Confession Can Heal Your Heart


Confession is a practice that can heal your heart.

One Sunday morning a few months after my most painful breakup, when the clouds began to part enough for a few rays of sun, I had the strongest desire to go to the local park and lay every one of my sins at God’s feet. I wanted a concentrated time of confession. I wanted to be clean again. I wanted to be forgiven.

You see, during my last relationship, I had pretty much stopped going to church. I had compromised things that were important to me, including my purity and gifts of singing (my ex had cringed when I worshiped and turned the channel when I sang in the car). And the main work project I had been working on—one I felt was from God, one that provided a lot of my monetary needs and that I, to be honest, felt unworthy to be working on—had become a big fat mess. There were other things too—like pulling away from friends and family… Lots of things…

I was tired of carrying the load.

It was a beautiful spring morning—golden sunshine, the smell of green grass, budding flowers. I poured my coffee into a travel mug, grabbed a notebook and pen, and set off for the park, breathing in the fresh smells as the world became alive again.

Sitting at a picnic table, birds singing all around, I poured out my sins to God, laying each one at his feet. With each sin I wrote down on the piece of paper, I felt a release. Acknowledging it, making it tangible, giving it to Jesus, there was something freeing about this.

Growing up, I had my foot in two worlds: Catholic and Methodist (my mom Catholic; my dad Methodist). Every few months in Catholic Sunday School (CCD), we had confession. The ritual of pondering my sins, preparing my heart, and then confessing each sin to a priest and then receiving a task to complete, to work out my repentance, I liked that. The task was usually so many “Hail Marys” or something like that, nothing too crazy. That day in the park, I was returning to a ritual that made sense to me, a tangible way of letting God know I was sorry and asking Him for a fresh start.

And when I was finished, my list was LONG. But I felt freer somehow. Lighter. Cleaner. Clearer. As I ripped up the list and tossed it in the park trashcan, I knew I was walking out repentance.

At other times in my life when I’ve been struggling with a sin that caused shame, when I finally found the courage to share with a trusted friend or counselor, I found freedom there too (and sometimes was surprised when said friend confessed that she too had struggled in that area).

The enemy would like nothing more than for us to feel like our sin is the ugliest, dirtiest sin in the entire world and that we will never be set free. He would love for us to carry that sin for as long as possible so he can keep us from freedom and our destiny for as long as possible.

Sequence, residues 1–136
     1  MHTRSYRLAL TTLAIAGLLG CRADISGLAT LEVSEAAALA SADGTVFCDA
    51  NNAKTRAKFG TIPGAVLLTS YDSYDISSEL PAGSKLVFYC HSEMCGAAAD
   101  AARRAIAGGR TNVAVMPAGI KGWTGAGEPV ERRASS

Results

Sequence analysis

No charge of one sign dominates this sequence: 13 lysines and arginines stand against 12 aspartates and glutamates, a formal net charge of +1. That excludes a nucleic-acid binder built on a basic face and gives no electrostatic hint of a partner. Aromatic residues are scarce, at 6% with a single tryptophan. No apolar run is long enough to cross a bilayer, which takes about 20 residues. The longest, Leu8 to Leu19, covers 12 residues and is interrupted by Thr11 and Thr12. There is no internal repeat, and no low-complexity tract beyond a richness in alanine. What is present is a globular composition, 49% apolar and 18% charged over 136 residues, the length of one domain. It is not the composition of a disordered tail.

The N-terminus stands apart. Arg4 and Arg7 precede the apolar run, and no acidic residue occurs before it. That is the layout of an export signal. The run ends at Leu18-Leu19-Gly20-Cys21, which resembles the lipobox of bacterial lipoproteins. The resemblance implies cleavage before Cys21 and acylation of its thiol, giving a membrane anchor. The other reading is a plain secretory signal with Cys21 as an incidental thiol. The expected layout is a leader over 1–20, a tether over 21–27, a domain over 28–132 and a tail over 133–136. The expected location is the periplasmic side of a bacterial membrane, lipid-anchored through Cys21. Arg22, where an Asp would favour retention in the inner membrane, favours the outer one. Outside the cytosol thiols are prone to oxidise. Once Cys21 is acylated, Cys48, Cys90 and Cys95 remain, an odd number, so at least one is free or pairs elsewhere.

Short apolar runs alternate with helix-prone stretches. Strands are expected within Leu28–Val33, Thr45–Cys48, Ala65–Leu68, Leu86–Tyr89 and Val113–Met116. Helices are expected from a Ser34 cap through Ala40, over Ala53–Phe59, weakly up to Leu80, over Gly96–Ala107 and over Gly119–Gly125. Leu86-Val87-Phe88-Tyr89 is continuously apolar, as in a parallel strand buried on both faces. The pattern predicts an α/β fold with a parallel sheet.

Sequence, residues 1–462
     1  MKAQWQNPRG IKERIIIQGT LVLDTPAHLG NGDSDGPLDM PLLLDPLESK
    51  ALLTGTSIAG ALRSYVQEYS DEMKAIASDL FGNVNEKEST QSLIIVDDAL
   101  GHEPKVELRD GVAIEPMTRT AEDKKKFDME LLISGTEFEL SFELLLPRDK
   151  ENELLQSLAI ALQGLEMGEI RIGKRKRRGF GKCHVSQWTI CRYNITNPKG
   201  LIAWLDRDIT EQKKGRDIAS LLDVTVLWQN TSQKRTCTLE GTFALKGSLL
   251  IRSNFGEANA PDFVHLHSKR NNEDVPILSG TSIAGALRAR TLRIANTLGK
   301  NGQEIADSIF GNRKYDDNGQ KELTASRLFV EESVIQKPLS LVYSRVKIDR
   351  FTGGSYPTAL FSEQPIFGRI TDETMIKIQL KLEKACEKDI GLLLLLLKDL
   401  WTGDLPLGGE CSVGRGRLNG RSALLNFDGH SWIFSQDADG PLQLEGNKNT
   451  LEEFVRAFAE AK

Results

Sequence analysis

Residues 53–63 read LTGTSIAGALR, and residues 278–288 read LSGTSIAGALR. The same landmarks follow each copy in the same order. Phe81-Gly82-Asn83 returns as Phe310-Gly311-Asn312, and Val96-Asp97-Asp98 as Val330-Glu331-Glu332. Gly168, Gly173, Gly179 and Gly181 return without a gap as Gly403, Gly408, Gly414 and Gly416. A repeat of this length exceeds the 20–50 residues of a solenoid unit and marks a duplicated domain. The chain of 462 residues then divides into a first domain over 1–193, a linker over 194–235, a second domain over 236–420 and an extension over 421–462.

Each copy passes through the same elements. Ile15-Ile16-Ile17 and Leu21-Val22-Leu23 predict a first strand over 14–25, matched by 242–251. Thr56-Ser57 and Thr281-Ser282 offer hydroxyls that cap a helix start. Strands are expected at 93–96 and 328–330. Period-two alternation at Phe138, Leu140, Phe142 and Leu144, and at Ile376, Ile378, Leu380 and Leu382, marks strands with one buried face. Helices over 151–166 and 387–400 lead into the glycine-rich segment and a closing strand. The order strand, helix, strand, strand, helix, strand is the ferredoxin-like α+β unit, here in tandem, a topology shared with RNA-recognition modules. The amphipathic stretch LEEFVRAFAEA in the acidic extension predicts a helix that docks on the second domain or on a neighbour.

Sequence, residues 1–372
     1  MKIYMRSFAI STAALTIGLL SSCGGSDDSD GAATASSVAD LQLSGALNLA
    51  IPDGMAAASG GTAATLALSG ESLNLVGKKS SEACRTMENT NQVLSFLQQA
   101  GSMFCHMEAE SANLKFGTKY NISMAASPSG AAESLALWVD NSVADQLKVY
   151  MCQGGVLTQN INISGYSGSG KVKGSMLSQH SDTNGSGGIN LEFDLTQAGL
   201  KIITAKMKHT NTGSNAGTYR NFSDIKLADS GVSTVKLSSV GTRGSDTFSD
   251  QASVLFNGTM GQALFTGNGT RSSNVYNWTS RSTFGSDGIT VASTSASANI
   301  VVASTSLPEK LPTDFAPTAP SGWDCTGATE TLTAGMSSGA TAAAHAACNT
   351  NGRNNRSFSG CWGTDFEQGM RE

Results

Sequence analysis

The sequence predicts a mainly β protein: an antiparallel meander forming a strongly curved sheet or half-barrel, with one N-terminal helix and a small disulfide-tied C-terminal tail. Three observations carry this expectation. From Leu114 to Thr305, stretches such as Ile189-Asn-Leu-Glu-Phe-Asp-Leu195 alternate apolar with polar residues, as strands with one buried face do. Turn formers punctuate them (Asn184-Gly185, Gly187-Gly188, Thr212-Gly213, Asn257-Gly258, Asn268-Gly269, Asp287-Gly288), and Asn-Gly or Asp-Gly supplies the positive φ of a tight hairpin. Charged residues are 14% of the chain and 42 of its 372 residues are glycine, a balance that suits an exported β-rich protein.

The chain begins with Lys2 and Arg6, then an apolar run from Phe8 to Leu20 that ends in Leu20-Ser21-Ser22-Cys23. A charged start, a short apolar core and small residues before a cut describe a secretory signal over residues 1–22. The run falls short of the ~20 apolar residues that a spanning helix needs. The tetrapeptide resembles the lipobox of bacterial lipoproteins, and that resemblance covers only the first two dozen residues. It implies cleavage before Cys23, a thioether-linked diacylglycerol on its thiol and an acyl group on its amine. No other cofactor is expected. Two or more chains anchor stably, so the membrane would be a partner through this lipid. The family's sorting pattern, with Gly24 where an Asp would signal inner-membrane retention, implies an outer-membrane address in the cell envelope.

I mean, how far can you go when you’re carrying heavy shackles on your feet with a heart burdened by the lead weights of shame and pain?

Is there something weighing you down? Something you’re struggling with now or something you’ve done in your past?

What about gathering a pad and a pen and having quiet time with your Father who loves you, whose love covers all your sins, who wants you to be free? Write down those things causing you shame and guilt and ask Him to reveal any hidden sins. As you write these down, as you confess them, I promise you will find freedom and clarity to move forward.

Sometimes, He will guide you to confess a certain sin to another safe person for accountability and help to overcome. Sometimes, He will lead you to make amends with an individual you have hurt in some way (as long as doing so won’t harm you or the other person).

He is a gentle God—He convicts but never condemns.

And He will lead you step-by-step to freedom, unlocking the shackles on your feet and lifting the lead weights off your heart.

When I kept silent,

my bones wasted away

through my groaning all day long.

For day and night

your hand was heavy on me;

my strength was sapped

as in the heat of summer.


Then I acknowledged my sin to you

and did not cover up my iniquity.

I said, “I will confess

my transgressions to the Lord.”

And you forgave

the guilt of my sin.


—Psalm 32:3–5



  1. This is such a tender and heartfelt post. I never saw Catholic confession in a positive light–it always seemed like hollow religious practice to me–but this post changed my perspective. Perhaps for some people it really is repentance and healing. Thank you for sharing your heart.

    Liked by 1 person

  2. Your description of the relationship in which you gave up so much of yourself reminds me of doing this myself years ago. Though I’ve moved forward to a much better life, forgiving myself has been a challenge. I think I’ve been way harder on myself than God who forgives me.

    Liked by 1 person

    • I pray you find peace within your heart, friend. ”If we confess our sins, he is faithful and just and will forgive us our sins and purify us from all unrighteousness” (1 John 1:9). I so relate to your comment, though. There’s another layer to the above story that is definitely going into the book because it was a true “prodigal son” moment. This day in the park was freeing in so many beautiful ways, but I continued to lug around guilt about a particular mess I had made, a choice I made that I felt had greater ramifications. But God reached down into my pit, and when I thought he was going to smite me (metaphorically), he gave me the most beautiful, undeserved grace with an almost resounding gavel to say I was forgiven. Not going to lie that this choice doesn’t cross my mind from time to time as a dull ache, but I know he has forgiven me, and I trust that he is all powerful and able to weave it into good.

      Liked by 1 person

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